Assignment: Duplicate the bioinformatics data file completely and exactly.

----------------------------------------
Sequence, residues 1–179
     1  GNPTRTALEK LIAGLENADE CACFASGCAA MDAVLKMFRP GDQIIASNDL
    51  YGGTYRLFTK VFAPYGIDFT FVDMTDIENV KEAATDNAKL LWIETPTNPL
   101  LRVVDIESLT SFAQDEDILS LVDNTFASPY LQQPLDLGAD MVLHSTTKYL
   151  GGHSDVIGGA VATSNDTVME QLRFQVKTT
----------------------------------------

Sequence, residues 1–179
     1  GNPTRTALEK LIAGLENADE CACFASGCAA MDAVLKMFRP GDQIIASNDL
    51  YGGTYRLFTK VFAPYGIDFT FVDMTDIENV KEAATDNAKL LWIETPTNPL
   101  LRVVDIESLT SFAQDEDILS LVDNTFASPY LQQPLDLGAD MVLHSTTKYL
   151  GGHSDVIGGA VATSNDTVME QLRFQVKTT